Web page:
2/5/2002 05:29:18 PM | PermaLink
Welcome to Day 2 of "Hey, Kids, Let's Rebuild XP!"
I spent the first six hours of yesterday determining that I was not going to be able to recover my 60 gigabyte drive and another three finding out that, despite its reluctance to be noticed by my BIOS or XP in the early stages of rebuilding, my 20 gigabyte drive — the one with the backups on it — was in fact intact. Another 10 hours rebuilding my system and I'm almost minimally functional again.
Pardon me, but does anyone know the right spelling of "Aaaaaaaaarrrrrrrrrrgggggggghhhhhhhhh"?
Here's where being a paranoid pessimist pays off:
I back up every night, albeit using a rather primitive method: I run batch files that invoke Winzip. The daily backups go onto my computer's second hard drive ... the one that looked like it was gone. Every couple of days, I back up my backups onto my kids' computer on our home network. Unfortunately, I only back up my 650MB Outlook data file once a week. (Yeah, I know it's too big.)
I use XP's save-your-settings wizard so that I can restore my Office apps' settings, including IE's favorites. (For some reason, however, the Outlook Rules Wizard needs to be reminded by hand the destinations for the messages I want filtered into various folders.)
I pay $50/year to have my Quicken files (and other files, up to a 50MB limit) backed up on some Web server somewhere. I've never had to restore from there before, but I did last night, and it really really worked.
Just a few days ago, I downloaded the 30-day trial of v-com's AutoSave. It supposedly updates your archive every time you save a file. I've found it to be a really annoying piece of software to use — the type of UI that has you saying "Green ... blue ... green ... blue" like Bruce Willis trying to figure out which wire of a homemade bomb to clip. I thought I had saved 7GB of compressed info onto my backup disk, but I couldn't figure out how to to tell it that that file had changed positions (because in the re-install, drive C became drive F and drive E became drive C and drives D and E had a threeway with a floppy from Encino). Anyway, it turns out that AutoSave wrote uncompressed files that I could restore just by dragging and dropping. Cool error!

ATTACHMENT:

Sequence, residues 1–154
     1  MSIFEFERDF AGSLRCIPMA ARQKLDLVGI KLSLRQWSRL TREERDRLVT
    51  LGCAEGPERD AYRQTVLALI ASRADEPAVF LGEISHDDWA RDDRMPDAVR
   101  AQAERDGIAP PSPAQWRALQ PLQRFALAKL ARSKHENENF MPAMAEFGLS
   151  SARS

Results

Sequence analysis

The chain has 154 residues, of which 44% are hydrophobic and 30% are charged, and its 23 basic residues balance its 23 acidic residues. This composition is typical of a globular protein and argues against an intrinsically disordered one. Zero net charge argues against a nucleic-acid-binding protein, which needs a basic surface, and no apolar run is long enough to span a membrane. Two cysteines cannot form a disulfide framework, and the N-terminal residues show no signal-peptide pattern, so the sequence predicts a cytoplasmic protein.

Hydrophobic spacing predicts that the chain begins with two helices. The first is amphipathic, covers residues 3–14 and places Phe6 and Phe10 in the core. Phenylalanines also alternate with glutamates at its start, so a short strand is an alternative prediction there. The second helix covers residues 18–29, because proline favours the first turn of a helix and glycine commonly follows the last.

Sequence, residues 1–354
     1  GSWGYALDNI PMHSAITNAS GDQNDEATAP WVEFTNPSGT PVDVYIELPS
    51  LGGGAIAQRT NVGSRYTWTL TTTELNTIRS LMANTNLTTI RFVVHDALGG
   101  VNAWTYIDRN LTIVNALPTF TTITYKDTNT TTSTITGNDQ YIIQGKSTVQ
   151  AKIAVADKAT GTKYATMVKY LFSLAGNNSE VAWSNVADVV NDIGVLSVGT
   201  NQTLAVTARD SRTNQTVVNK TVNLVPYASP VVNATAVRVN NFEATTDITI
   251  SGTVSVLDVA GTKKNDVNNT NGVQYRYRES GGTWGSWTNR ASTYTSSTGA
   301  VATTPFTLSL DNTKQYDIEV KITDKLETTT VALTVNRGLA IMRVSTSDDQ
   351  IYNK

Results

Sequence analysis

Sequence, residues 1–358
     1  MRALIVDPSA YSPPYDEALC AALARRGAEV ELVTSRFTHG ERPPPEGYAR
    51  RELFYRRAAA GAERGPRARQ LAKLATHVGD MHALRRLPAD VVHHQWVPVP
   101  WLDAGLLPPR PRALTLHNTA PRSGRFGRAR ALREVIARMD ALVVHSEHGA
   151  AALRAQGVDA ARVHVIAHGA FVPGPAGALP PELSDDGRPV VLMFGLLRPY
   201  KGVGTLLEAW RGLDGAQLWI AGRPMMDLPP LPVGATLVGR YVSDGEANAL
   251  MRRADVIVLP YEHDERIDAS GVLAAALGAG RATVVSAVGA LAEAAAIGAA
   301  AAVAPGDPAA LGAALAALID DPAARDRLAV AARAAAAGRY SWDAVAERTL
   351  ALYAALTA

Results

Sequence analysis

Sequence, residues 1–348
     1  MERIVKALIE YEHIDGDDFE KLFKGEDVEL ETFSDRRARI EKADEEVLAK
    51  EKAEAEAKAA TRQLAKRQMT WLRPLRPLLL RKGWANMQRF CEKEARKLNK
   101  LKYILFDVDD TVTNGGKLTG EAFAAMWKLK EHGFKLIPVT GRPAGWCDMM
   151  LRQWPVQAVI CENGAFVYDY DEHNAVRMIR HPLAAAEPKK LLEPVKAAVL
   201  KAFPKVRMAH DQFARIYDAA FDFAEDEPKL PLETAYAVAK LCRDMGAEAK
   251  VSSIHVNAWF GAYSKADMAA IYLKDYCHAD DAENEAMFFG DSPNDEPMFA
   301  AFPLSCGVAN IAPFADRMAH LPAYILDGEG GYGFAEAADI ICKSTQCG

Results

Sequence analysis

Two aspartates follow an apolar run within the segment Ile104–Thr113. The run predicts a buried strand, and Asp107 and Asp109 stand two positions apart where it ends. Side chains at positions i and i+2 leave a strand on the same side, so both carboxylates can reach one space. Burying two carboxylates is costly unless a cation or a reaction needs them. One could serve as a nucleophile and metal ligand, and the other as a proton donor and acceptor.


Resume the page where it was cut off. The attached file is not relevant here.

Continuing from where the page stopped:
I remembered to backup my backup scripts and my password list.
Ah, the sweet benefits of being obsessive-compulsive!
However, all is not sweetness and fresh clover honey here in the Weinberger manse:
I didn't save my games' saved games. (No, that isn't gibberish.) Particularly painful will be getting back to puzzle #50 or so in The Incredible Machine, a game I've been playing with my son.
I have done a pisspoor job of maintaining Outlook. Even with frequent auto-archiving, the files get too frigging big. I'm sure it was a coincidence, but my disk blew yesterday while compacting my main .pst fie.
I do a piss poor job of offloading truly irreplaceable files such as family photos.
Some files seem like they're more trouble to back up than to restore, particularly music files. But I was wrong. Facing re-ripping bunches of CDs does not fill me with joy.
I need to write myself better notes. I lose incredible amounts of time trying to remember if Dreamweaver 4 was on a floppy or was a download and I know it's going to take me way longer than it should to get back to HP's CD burning software because I don't remember how.
So, I'll spend the rest of the day sanding off the rough edges and discovering several holes I've punched into the past couple of years. For example, I just found out that the complex Outlook macros I'd written (oh, get off my case, they do what I need done) are gone. Does this rebuilding time count towards the 4,000 hours of volunteer time Bush wants me to put in?
(Volunteerism: What rich people urge the rest of us do because they figure if we don't have money, we must have a lot of time.)
A word of praise: After 15 years, we as a civilization have conquered the two problems that drove every PC user to the nearest absinthe bottle: You don't have to spend a full day getting your computer to recognize your CD drive, and XP finds and installs networking software as if computers were meant to talk with one another.